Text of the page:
Sunday, September 30, 2012

Leeboard repair - the "rope trick"

Dry fitting for the "rope trick"
I damaged the leeboard on Cream Cheese last year by driving away from the launch ramp with the board dragging in the gravel.  I discovered my error after about 50 yards, but by that time I had chewed off about 3/4" inch off of the bottom corner of the leading edge.  Later on Grahame Byrnes, designer of the Core Sound series, told me about "the rope trick".  The idea is to glue an epoxy saturated synthetic rope (usually nylon) to the leading edge of the board, thus providing a well shaped but very durable surface.  Here's an example from the Core Sound 20, Dawn Patrol:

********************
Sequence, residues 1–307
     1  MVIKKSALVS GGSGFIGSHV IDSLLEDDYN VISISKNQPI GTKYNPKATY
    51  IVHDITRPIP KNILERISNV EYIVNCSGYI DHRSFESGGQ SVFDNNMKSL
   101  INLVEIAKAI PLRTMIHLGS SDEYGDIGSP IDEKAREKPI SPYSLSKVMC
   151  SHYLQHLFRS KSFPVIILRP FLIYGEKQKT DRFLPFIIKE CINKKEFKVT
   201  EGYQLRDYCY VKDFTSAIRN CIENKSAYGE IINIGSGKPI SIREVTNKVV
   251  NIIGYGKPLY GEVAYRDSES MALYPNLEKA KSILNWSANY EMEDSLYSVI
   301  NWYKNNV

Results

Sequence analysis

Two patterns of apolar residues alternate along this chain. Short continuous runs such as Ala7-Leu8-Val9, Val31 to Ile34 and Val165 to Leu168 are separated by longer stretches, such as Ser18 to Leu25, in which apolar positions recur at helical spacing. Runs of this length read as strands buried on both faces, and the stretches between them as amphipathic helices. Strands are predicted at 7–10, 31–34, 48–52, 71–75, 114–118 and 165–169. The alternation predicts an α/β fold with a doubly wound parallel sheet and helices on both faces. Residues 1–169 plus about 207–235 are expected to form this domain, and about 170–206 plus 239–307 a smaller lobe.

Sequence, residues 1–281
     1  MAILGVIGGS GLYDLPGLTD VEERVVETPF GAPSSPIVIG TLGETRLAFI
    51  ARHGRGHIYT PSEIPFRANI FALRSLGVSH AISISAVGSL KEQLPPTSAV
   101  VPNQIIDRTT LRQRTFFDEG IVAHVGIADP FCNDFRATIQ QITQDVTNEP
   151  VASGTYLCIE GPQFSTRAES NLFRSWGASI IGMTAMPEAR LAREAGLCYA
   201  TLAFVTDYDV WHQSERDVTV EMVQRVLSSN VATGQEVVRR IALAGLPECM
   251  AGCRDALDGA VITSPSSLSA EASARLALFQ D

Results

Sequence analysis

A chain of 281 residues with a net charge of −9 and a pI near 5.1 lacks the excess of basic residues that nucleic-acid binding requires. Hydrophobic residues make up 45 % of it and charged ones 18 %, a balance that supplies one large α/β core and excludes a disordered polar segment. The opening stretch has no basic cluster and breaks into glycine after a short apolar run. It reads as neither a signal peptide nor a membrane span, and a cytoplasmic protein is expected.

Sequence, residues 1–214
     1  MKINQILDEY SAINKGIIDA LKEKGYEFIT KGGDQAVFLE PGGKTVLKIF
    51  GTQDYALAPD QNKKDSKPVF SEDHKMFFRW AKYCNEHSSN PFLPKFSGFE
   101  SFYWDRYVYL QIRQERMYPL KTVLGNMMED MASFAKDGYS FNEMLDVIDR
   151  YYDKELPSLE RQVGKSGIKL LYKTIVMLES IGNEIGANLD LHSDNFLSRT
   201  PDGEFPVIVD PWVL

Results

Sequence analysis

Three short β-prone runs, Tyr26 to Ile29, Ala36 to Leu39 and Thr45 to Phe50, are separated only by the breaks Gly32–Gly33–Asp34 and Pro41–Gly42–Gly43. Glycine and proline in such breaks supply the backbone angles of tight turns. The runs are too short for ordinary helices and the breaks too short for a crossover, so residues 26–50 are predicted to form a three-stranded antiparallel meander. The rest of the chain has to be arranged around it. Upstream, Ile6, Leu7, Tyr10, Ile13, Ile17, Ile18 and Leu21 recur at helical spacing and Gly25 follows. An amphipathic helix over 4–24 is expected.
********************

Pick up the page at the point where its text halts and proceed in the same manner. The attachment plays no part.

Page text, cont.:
Rope on the rudder of the Core Sound 20, Dawn Patrol.
It protects the leading edge of underwater boards

I decided to try the rope trick myself.  First I cut away the damaged wood and fitted the rope.

Fitting the rope
Then I soaked the rope in epoxy and draped fiberglass cloth over it and let it partially cure (8 hours over a cool night).  I made a mistake at this point in the process.  I should have used thickened epoxy to fill the spaces between the rope and the board but I didn't.  As a result, there are air pockets.  Hopefully this won't be a major issue since the boat is dry sailed and all surfaces are thoroughly coated with epoxy.

Fiberglassing rope in place

Then I filled using epoxy thickened with fused silica and microballoons and let it cure.

Filling and smoothing

I made a first pass at sanding and smoothing and filled some more with thickened epoxy.

Final sanding before painting

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